Joe
anyone know any internet site where one can find nanotechnology papers?
Damian Reply
research.net
kanaga
sciencedirect big data base
Ernesto
Introduction about quantum dots in nanotechnology
Praveena Reply
what does nano mean?
Anassong Reply
nano basically means 10^(-9). nanometer is a unit to measure length.
Bharti
do you think it's worthwhile in the long term to study the effects and possibilities of nanotechnology on viral treatment?
Damian Reply
absolutely yes
Daniel
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Maciej
characteristics of micro business
Abigail
for teaching engĺish at school how nano technology help us
Anassong
Do somebody tell me a best nano engineering book for beginners?
s. Reply
there is no specific books for beginners but there is book called principle of nanotechnology
NANO
what is fullerene does it is used to make bukky balls
Devang Reply
are you nano engineer ?
s.
fullerene is a bucky ball aka Carbon 60 molecule. It was name by the architect Fuller. He design the geodesic dome. it resembles a soccer ball.
Tarell
what is the actual application of fullerenes nowadays?
Damian
That is a great question Damian. best way to answer that question is to Google it. there are hundreds of applications for buck minister fullerenes, from medical to aerospace. you can also find plenty of research papers that will give you great detail on the potential applications of fullerenes.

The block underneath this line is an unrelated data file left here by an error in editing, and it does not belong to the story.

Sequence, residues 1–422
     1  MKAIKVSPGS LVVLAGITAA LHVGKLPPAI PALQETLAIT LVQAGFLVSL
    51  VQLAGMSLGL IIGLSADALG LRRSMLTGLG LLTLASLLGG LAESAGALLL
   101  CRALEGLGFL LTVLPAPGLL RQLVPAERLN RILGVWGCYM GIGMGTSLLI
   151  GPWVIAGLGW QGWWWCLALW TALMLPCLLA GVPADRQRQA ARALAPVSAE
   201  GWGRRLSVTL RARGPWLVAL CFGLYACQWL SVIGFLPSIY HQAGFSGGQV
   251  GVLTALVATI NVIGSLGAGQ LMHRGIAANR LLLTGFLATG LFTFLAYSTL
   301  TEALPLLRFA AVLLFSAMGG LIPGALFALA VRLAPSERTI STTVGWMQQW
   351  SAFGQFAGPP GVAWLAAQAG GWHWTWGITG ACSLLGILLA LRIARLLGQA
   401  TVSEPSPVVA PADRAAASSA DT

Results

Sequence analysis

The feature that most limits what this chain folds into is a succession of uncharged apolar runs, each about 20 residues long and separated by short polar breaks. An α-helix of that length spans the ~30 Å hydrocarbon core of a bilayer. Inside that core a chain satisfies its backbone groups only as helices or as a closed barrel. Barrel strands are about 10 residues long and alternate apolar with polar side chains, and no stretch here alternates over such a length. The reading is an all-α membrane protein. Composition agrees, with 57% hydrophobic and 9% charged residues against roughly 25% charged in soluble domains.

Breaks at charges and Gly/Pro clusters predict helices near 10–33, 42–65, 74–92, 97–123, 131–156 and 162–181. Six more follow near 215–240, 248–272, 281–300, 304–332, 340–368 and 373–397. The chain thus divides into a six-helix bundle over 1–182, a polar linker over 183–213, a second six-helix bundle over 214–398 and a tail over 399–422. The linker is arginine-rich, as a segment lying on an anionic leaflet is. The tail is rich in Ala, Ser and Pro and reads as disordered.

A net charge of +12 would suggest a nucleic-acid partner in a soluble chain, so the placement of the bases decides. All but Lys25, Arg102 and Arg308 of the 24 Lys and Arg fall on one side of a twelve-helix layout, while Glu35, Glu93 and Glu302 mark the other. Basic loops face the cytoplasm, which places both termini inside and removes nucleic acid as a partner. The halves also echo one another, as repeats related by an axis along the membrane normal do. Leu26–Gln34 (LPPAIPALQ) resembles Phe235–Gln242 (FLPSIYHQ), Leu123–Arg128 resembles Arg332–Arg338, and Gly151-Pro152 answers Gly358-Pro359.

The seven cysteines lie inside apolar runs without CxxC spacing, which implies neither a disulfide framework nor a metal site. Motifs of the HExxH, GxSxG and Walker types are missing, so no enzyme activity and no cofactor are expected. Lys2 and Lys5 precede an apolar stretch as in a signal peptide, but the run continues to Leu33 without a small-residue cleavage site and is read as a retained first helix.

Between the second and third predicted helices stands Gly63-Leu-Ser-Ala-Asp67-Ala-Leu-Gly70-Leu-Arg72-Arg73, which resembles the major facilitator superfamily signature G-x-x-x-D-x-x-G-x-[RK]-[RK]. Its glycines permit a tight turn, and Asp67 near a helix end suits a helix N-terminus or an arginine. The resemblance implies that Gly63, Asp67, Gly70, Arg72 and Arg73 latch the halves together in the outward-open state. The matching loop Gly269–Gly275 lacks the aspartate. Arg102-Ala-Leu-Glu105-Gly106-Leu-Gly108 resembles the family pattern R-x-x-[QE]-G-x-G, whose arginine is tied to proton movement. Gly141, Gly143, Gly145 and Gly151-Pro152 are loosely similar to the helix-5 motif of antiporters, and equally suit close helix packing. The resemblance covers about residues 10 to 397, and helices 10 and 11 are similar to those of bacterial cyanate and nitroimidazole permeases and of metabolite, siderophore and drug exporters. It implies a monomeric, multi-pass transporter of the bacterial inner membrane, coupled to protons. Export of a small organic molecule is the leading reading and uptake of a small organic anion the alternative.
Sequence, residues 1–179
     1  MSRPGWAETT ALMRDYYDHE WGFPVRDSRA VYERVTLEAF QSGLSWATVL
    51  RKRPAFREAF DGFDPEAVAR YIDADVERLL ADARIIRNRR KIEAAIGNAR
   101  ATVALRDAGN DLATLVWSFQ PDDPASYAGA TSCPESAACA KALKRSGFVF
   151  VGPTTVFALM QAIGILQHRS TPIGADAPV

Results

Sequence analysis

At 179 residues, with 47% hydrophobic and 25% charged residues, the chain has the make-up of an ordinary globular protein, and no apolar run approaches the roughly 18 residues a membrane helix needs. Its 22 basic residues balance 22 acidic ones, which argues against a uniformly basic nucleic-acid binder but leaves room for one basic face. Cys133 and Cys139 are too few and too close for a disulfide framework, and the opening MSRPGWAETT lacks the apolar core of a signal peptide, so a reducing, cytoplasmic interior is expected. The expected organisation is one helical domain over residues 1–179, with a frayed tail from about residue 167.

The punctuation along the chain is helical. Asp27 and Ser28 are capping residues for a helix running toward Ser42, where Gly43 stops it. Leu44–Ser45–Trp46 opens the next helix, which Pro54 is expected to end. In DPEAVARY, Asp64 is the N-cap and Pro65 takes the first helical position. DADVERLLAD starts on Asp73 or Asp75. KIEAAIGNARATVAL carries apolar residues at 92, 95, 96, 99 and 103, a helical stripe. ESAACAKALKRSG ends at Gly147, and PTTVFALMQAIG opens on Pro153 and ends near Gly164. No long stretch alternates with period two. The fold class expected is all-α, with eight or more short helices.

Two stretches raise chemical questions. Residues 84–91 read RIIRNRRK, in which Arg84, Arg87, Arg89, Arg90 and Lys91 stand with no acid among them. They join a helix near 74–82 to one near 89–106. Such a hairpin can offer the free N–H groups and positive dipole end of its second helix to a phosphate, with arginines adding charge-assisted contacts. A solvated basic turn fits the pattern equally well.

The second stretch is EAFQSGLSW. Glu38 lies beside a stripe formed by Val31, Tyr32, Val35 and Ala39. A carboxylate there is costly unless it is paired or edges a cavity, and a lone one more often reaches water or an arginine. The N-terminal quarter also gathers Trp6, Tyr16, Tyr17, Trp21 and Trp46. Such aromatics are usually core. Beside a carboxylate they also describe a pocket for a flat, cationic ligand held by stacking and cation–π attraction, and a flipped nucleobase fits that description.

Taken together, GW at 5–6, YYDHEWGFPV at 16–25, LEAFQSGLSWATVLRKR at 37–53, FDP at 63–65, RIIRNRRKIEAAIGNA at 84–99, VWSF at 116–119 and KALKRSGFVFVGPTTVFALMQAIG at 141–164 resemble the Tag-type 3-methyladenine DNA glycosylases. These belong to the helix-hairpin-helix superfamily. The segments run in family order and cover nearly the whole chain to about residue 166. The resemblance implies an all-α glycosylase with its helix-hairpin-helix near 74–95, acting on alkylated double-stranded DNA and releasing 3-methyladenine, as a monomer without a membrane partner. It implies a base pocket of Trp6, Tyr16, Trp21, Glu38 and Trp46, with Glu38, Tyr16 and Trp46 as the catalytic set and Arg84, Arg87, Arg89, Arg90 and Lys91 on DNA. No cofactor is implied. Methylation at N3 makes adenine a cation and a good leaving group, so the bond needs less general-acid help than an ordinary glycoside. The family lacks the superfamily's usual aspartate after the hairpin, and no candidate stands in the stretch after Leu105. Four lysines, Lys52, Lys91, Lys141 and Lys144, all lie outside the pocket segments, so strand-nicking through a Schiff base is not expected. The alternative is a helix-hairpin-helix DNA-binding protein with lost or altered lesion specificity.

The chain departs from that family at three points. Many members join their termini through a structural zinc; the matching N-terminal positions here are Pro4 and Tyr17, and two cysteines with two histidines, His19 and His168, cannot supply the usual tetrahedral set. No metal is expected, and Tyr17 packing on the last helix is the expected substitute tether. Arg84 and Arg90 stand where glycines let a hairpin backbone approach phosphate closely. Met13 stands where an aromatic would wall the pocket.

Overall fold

Tarell
what is the Synthesis, properties,and applications of carbon nano chemistry
Abhijith Reply
Mostly, they use nano carbon for electronics and for materials to be strengthened.
Virgil
is Bucky paper clear?
CYNTHIA
carbon nanotubes has various application in fuel cells membrane, current research on cancer drug,and in electronics MEMS and NEMS etc
NANO
so some one know about replacing silicon atom with phosphorous in semiconductors device?
s. Reply
Yeah, it is a pain to say the least. You basically have to heat the substarte up to around 1000 degrees celcius then pass phosphene gas over top of it, which is explosive and toxic by the way, under very low pressure.
Harper
Do you know which machine is used to that process?
s.
how to fabricate graphene ink ?
SUYASH Reply
for screen printed electrodes ?
SUYASH
What is lattice structure?
s. Reply
of graphene you mean?
Ebrahim
or in general
Ebrahim
in general
s.
Graphene has a hexagonal structure
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what is biological synthesis of nanoparticles
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Source:  OpenStax, Principles of biology. OpenStax CNX. Aug 09, 2016 Download for free at http://legacy.cnx.org/content/col11569/1.25